• September 17, 2019

Opinion: Stress busters for finals week - The Trail Blazer: Opinion

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Opinion: Stress busters for finals week

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Posted: Thursday, November 30, 2017 10:24 am

As finals week rapidly approaches, many students are already experiencing the mounting anxiety that comes with the end of the semester.

As students prepare to ace their exams, it is also important to care for their mental health. Various ways to do this are:

  • Make a study schedule. One of the most helpful things I have ever done during my college career is learn the art of planning. You hear it all the time, but have you ever really tried it? You don’t need anything fancy to make a study plan or schedule. I like to make a list of remaining assignments and exams the week before finals and then carve out time to work on either completing a project or studying for an exam. The point is to give yourself plenty of time and have an obtainable list of goals to complete and a time frame in which to complete them. This personally decreases my stress levels because I know exactly what I need to do and when I need to do it. This prevents procrastination and cramming.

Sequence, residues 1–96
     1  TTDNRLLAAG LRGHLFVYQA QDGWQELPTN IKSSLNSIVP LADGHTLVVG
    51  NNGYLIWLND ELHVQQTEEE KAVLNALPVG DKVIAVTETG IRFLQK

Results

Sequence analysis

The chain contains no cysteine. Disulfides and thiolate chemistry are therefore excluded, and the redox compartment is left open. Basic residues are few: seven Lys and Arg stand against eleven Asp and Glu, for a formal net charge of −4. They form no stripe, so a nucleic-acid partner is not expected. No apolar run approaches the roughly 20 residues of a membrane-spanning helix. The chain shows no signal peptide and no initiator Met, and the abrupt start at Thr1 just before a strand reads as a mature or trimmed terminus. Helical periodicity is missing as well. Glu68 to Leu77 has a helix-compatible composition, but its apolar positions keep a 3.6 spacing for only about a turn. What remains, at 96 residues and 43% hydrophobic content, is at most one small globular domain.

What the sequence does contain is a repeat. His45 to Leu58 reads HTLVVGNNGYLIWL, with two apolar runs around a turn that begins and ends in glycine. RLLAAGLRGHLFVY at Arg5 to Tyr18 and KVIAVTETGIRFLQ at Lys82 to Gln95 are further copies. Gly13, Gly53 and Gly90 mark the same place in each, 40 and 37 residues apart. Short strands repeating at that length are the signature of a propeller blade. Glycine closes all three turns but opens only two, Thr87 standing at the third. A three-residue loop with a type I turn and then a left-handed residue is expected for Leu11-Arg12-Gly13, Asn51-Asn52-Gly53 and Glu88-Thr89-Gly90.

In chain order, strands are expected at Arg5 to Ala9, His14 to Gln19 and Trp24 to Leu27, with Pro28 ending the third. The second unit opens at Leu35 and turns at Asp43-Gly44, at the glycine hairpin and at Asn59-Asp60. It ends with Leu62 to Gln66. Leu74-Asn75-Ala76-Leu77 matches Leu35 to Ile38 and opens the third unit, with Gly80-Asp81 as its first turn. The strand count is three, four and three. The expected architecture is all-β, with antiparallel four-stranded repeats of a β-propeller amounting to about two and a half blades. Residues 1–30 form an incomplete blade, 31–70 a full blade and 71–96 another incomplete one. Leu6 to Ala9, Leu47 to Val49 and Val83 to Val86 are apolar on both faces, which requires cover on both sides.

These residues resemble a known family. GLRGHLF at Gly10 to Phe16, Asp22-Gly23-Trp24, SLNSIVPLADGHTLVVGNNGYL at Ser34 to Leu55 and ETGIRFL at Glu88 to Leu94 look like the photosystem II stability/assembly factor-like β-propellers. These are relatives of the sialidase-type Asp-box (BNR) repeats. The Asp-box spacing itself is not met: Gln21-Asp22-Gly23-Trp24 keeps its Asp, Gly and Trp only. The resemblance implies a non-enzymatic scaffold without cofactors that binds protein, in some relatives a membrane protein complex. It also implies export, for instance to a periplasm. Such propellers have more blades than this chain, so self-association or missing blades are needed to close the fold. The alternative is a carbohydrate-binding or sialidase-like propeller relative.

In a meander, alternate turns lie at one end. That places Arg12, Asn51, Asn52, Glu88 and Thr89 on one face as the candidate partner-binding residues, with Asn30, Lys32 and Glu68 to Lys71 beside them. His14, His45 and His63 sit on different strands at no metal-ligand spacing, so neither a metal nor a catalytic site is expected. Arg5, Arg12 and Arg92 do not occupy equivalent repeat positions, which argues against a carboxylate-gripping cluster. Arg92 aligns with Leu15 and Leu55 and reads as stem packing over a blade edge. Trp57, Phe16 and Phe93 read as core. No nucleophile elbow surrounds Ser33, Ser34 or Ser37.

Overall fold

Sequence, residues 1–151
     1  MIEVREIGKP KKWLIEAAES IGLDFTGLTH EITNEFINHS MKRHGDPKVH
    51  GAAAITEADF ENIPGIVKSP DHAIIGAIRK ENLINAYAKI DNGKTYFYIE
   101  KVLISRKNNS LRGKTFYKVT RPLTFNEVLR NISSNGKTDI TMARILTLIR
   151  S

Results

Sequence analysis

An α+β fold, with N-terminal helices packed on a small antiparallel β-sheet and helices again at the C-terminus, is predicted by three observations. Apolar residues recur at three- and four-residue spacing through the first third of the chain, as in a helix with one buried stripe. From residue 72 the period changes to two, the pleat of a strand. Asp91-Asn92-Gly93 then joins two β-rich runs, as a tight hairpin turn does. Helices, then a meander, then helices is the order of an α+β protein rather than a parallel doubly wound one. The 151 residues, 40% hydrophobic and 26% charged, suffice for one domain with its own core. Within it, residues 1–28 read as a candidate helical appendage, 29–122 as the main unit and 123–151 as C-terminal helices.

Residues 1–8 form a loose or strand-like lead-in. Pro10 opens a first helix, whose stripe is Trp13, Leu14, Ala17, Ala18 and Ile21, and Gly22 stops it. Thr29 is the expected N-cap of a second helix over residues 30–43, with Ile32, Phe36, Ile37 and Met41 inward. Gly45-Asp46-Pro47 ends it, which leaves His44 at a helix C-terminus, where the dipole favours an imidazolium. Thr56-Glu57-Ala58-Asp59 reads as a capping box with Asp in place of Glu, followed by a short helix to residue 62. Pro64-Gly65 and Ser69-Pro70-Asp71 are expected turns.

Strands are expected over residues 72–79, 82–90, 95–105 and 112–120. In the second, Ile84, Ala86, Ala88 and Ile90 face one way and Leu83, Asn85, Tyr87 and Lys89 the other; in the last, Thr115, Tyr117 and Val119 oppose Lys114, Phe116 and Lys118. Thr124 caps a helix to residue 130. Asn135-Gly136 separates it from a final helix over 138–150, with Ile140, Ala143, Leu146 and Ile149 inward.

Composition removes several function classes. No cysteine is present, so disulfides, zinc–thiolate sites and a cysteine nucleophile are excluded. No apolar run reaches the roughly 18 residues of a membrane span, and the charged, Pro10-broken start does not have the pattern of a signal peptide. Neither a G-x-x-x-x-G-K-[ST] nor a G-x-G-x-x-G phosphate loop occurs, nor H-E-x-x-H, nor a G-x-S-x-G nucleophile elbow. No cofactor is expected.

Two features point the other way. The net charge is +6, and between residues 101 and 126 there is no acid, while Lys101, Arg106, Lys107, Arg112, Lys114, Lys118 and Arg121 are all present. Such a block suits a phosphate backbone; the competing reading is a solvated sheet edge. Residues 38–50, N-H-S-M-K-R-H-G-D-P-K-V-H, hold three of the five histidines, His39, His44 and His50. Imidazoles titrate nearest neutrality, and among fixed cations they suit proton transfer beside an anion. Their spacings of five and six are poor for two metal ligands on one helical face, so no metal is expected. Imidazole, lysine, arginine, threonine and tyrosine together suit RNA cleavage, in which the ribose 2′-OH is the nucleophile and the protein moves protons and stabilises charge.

• Start with the smallest task first. Sometimes you may feel overwhelmed at the sheer number of tasks that you have before you. Exams, papers, and group projects seem to pile up the last few weeks of the semester. If you are feeling overwhelmed and unmotivated, try completing the smallest and easiest task first. This will help you feel accomplished and get the ball rolling for your other tasks, and you can breathe easy knowing you have checked at least one item off of your to-do list!
  • Take breaks. By the end of the semester many students are feeling worn down and burnt out. This doesn’t help when you have 5 exams coming up that you should be preparing for. As mentioned before, when the work load gets tough it is sometimes easy to feel like giving up. One thing many students forget is to do is treat themselves to a well-deserved break during the chaos of finals week. According to research by the Draugiem Group, people are more productive when they work for 52 minutes followed by a 17-minute break. You may think you are getting more accomplished by putting your nose to the grindstone for hours on end, but in reality you will feel more refreshed and focused if you give yourself regular breaks to de-stress.

As the dreaded last week of the semester draws closer, there is no need to feel overwhelmed. In a culture that prioritizes grades and GPA ahead of mental health, it is important for college students to be attentive to their emotional well-being. By creating a study plan and avoiding procrastination, taking small victories, and most importantly taking a time out, students can ease the anxiety brought on by final exams.

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